Women have always been marginal within the criminal justice system, which was conceived, designed and realised with the male subject at its centre. Two dominant feminist approaches to gendered violence and harm manifest – ‘carceral feminism’ and ‘anti-carceral feminism’. The relationship between carceral feminist anti-violence work and criminal justice can also enact explicit harm for many victims, resulting in an interface with policing that leads to Black, Latina, queer, immigrant and sex-working women experiencing increased violence of criminalisation. This chapter examines what anti-carceral feminists are enacting instead, in response to violence in their communities. The anti-carceral critique draws attention to the harms enacted, not only by deficits in criminal justice responses, but by the explicit violence of policing experienced by some women, and criminalisation of their experiences of harm. In Northern Ireland the vacuum in gender responsive justice can perhaps be reinterpreted as allowing space for emancipatory and transformative grassroots action to occur.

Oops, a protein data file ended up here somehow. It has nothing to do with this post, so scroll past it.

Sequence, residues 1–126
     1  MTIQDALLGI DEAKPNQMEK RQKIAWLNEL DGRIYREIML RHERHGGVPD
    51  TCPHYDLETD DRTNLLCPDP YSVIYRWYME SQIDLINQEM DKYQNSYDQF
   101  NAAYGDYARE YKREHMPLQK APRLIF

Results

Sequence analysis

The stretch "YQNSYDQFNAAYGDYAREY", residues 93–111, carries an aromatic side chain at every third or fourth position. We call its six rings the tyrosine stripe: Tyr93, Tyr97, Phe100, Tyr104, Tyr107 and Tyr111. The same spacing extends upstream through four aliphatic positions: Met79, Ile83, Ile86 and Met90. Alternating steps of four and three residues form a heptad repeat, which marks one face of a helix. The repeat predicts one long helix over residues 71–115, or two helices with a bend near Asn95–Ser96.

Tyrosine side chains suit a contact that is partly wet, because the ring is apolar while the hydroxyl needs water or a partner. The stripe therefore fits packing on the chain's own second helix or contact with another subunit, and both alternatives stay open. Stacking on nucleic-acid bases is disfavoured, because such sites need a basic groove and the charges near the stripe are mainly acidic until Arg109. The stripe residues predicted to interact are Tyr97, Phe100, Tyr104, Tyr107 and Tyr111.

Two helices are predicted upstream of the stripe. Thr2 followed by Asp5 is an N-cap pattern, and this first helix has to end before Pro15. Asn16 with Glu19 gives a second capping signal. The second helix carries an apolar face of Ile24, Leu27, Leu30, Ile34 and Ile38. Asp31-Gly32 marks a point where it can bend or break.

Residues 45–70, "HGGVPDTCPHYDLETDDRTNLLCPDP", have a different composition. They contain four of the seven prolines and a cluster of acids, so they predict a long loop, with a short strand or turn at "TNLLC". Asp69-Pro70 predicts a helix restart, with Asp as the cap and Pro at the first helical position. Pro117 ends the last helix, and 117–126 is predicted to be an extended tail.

|Title of host publication||Sexual Violence on Trial: Local and Comparative Perspectives|
|Editors||Rachel Killean, Dowds Eithne, Anne-Marie McAlinden|
|Number of pages||16|
|Publication status||Published - 15 Apr 2021|